In my last posting, I gave insight into how to change people.  One of the seven points was to “define internal positioning,” which I also said was considered a “luxury item” by many people.  In this posting, I hope to explain why taking the time (guided reflection) to define and document internal positioning at two levels can benefit people throughout the organization.

In a nutshell, internal positioning is the process of documenting who and what the organization is at three levels – the organization as a whole and the individual departments.  Once the documents are created, they should be communicated throughout the organization and maintained as information changes.  


Level #1: The Organization

Most large organizations have an internal communication and positioning guide, while most small and medium-sized companies do not.  The communication and positioning guide is the principal repository for information that defines and describes who and what the organization is.  The wording is precise and deliberate since many subsequent documents are created using the text.  Items such as catalogs, press releases, website text, company presentations, and annual reports might contain verbiage from the communication and positioning guide (CPG).  The CPG often highlights products, taglines, and product benefits.  The CPG might also include information on the competition, company philosophies, and industry trends. 

An organization-level CPG gives everybody a single source of information and maintains focus and clarity.


Level #2: The Departments

The next level that merits developing and disseminating CPGs is the department level.  A couple of examples of how a CPG at the department level proves to be a helpful tool are as follows:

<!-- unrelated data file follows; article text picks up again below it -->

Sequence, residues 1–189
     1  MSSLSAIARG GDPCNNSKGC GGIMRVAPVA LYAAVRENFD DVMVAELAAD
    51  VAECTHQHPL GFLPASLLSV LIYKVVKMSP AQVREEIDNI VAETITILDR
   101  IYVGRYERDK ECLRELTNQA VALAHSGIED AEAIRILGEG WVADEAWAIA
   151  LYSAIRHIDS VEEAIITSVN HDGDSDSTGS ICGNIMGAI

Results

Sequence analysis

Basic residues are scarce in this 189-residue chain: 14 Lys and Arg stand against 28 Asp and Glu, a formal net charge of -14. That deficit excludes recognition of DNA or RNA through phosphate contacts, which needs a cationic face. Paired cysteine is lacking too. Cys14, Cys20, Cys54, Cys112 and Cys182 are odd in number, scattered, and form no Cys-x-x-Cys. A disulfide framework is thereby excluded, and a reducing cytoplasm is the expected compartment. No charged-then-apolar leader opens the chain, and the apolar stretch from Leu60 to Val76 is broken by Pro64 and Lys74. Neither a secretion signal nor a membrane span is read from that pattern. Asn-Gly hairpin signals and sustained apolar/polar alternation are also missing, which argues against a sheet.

The New Employee: When a new employee enters a department, a CPG, including names, terminology, significant processes, special policies, workflow diagrams, org charts, internal customer information, and other topics, will reduce the employee’s training time.  For example, the new employee could read and digest the org-level CPG and the department-level CPG to get a global understanding of the two levels.  The terminology and acronyms that current employees use freely and without explanation would no longer be totally foreign to the new employee.  Having process flows on paper, and an org chart to refer to would provide a visual that many people need.  The CPG would also ensure consistency regarding information being presented to new employees.  

Department Alignment: For senior management, having department-level CPGs effectively keeps departments properly aligned and focused.  By comparing the CPG from each department, a senior manager can identify duplication of activity or resource, inefficient processes, conflicting priorities, or policy issues, all of which need addressing.


Outcomes of keeping things aligned: 

  1. Keep everybody on the same page.
  2. Communicate how all the employees and departments fit together to support the organizational goals and vision.
  3. Reduce training time with new employees as they use the benchmark documents to learn various aspects of the organization, understand how their department fits into the overall organization, and realize how their position is part of the big picture.


Best Practices: 

  1. Begin with the organizational level document – create the vision and framework for the departments.  Review and revise every 6 to 9 months.
  2. Have each department create its positioning documents as a department, then have senior management review them to ensure all critical information is accurate.  Review every 6 to 9 months as the organizational version is updated.


In summary, people want to feel they contribute positively to their organization’s goals and future.  By developing and maintaining positioning documents at each level – organization and departments – understanding how and where employees add value to the organization become obvious. Need help with CPG document creation? Let me know in the comments section below

I hope you found this to be useful. Post a comment below, and be on the lookout for my next post when I begin talking about the three Ps at the root of both change initiatives and problems – People, Processes, and Planning. I’ll discuss the P nearest and dearest to your employees’ hearts – People (i.e., Themselves!)  

Until next time! 

Patrick Seaton